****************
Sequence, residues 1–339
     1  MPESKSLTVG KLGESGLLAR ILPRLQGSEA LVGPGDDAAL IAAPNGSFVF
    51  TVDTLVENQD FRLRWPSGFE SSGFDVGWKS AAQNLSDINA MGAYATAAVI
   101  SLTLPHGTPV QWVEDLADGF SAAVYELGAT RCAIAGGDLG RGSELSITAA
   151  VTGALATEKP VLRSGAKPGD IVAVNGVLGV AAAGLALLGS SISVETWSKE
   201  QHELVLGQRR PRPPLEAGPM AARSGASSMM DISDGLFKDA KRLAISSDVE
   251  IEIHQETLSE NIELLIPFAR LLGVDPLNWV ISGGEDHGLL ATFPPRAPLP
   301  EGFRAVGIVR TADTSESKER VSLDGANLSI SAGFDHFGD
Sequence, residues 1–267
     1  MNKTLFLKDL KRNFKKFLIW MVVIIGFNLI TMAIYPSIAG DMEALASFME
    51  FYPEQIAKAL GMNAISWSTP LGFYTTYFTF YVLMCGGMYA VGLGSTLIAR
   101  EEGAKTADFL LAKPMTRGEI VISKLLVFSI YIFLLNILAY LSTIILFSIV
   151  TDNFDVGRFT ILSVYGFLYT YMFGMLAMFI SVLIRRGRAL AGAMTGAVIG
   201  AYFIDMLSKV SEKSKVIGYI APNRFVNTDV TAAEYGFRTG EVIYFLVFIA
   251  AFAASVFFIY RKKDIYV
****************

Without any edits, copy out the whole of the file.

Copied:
Sequence, residues 1–339
     1  MPESKSLTVG KLGESGLLAR ILPRLQGSEA LVGPGDDAAL IAAPNGSFVF
    51  TVDTLVENQD FRLRWPSGFE SSGFDVGWKS AAQNLSDINA MGAYATAAVI
   101  SLTLPHGTPV QWVEDLADGF SAAVYELGAT RCAIAGGDLG RGSELSITAA
   151  VTGALATEKP VLRSGAKPGD IVAVNGVLGV AAAGLALLGS SISVETWSKE
   201  QHELVLGQRR PRPPLEAGPM AARSGASSMM DISDGLFKDA KRLAISSDVE
   251  IEIHQETLSE NIELLIPFAR LLGVDPLNWV ISGGEDHGLL ATFPPRAPLP
   301  EGFRAVGIVR TADTSESKER VSLDGANLSI SAGFDHFGD
Sequence, residues 1–267
     1  MNKTLFLKDL KRNFKKFLIW MVVIIGFNLI TMAIYPSIAG DMEALASFME
    51  FYPEQIAKAL GMNAISWSTP LGFYTTYFTF YVLMCGGMYA VGLGSTLIAR
   101  EEGAKTADFL LAKPMTRGEI VISKLLVFSI YIFLLNILAY LSTIILFSIV
   151  TDNFDVGRFT ILSVYGFLYT YMFGMLAMFI SVLIRRGRAL AGAMTGAVIG
   201  AYFIDMLSKV SEKSKVIGYI APNRFVNTDV TAAEYGFRTG EVIYFLVFIA
   251  AFAASVFFIY RKKDIYV